As there appears to be discussion of furnace flows during idle and actual
process conditions, I'll throw in the numbers of how we are currently
running things here at Stanford.
We run 100 mm wafers in oxidation tubes that have an ID of 155 mm
(Cross-sectional area ~189 cm2). The exhaust of these tubes (when the boat
loader is in, of course) is a 1 cm hole in the side of the tube facing the
scavenger (cross-sectional area ~0.8 cm2).
Our typical flows during normal operations include:
1. Dry oxidation: O2 flow of 2.5 slm.
2. Anneal: "N2" flow of 2.5 slm. Note: we actually have Ar plumbed to our
main N2 lines in these furnaces. Because the MFCs are calibrated for N2, an
"indicated" flow of 2.5 slm N2 is actually a real flow of 1.42 * 2.5 = 3.55
slm of Argon.
3. Wet oxiditaion: O2 flow of 1.0 slm. H2 flow of 1.5 slm. Note that this
is a total "input" flow of 2.5 slm. However, assuming that the O2 and H2
react completely to form steam (which we hope it does ....) what we should
actually have is a flow of 1.5 slm of water vapor and an unreacted O2 flow
of 0.25 slm for a total flow of 1.75 slm (and a steam partial pressure of
4. Ramp up: we typically ramp up with a "N2" flow of 2.4 slm (actually 1.42X
of Ar) and 100 sccm O2 to have enough oxygen present during rampup to avoid
pitting, but low enough oxygen to not do too much oxidizing.
5. Boat loading/unloading: Programs typically increase the "N2" flow from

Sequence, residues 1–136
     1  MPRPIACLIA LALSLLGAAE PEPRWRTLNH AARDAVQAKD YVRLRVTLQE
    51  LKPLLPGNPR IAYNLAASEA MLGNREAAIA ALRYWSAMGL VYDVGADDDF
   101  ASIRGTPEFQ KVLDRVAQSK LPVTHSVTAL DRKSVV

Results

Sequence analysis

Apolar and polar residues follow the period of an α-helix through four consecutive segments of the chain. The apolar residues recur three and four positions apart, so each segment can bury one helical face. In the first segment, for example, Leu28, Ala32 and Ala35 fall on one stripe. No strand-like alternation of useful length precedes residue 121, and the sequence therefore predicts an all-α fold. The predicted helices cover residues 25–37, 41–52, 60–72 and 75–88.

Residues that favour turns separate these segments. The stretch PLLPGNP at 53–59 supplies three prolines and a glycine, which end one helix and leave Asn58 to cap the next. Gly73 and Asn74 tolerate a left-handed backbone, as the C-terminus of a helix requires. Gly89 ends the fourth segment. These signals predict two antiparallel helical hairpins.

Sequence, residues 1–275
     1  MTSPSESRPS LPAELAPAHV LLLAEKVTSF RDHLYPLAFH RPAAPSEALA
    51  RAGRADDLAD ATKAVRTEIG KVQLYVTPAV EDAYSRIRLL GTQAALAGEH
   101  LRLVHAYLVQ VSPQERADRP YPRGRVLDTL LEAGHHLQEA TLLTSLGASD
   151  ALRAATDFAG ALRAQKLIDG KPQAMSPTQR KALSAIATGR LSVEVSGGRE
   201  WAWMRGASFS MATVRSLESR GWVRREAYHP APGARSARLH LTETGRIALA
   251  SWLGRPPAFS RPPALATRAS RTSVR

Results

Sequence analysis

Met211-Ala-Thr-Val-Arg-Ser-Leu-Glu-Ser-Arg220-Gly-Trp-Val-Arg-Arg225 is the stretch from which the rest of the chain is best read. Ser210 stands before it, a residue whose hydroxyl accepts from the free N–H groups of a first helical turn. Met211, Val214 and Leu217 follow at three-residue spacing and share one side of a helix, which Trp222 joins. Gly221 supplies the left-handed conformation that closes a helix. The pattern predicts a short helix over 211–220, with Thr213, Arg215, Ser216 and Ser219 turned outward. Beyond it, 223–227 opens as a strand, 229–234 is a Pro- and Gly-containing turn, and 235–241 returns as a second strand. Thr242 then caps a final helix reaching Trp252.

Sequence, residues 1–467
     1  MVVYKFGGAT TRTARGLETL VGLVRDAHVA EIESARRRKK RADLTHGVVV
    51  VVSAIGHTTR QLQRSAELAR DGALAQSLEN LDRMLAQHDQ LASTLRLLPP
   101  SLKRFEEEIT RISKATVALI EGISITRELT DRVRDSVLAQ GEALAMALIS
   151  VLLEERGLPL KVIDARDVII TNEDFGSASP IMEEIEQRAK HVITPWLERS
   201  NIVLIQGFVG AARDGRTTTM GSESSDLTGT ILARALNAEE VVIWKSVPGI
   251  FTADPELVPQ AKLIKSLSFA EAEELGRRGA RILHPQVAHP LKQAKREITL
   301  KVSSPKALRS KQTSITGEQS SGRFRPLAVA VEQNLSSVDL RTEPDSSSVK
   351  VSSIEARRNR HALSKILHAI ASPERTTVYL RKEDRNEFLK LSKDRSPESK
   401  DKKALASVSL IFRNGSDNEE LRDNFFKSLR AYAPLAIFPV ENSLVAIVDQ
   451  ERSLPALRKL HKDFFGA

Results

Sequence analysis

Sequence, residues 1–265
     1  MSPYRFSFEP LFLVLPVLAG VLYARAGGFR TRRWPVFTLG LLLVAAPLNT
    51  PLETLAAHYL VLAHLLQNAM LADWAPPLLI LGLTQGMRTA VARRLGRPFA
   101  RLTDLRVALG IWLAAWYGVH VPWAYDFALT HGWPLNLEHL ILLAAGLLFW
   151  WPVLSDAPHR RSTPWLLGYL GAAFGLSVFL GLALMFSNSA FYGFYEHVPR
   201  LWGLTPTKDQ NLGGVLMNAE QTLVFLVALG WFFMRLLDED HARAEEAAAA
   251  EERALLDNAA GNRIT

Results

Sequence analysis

2.5 slm to 5.0 slm (i.e., 7.1 slm of Ar) while the wafers are being
pushed/pulled/loaded/unloaded to help more rapidly expell room air from the
tube. Given the diameter of the open tube and the flows involved, I believe
that it is safe to assume that this flow is INSUFFICIENT to keep room air out
when the tube is open.
6. Idle conditions: we idle with a flow of 2.5 slm flow of "N2" and don't
back it down from normal flow conditions.
Related to the discussion of minimum idle flows to prevent contamination
from room air, I believe that it is useful to consider some of the numbers
that are often quoted related to air velocities at the face of a fume hood
so that gases don't actually escape from the fume hood. I am most familiar
with a face velocity of approximately 100 ft/min (3000 cm/min) to prevent
fumes from escaping which, presumably, is a conservative number. This would
imply that a flow of 3 slm would be required to keep room air out of the
tube if the cross-sectional area of the exhaust port were 1 cm2 assuming
that the exhaust gas had cooled back down to room temperature. It would
also seem that a higher temperature of the exhaust gas would increase this
velocity and make it less likely to get unwanted room air in the furnace
when actually in operation. Of course, these same numbers indicate that it
would be virtually impossible to increase the flows sufficiently to keep
room air out when the wafers are being loaded/unloaded.
Well, those are the numbers from Stanford ...
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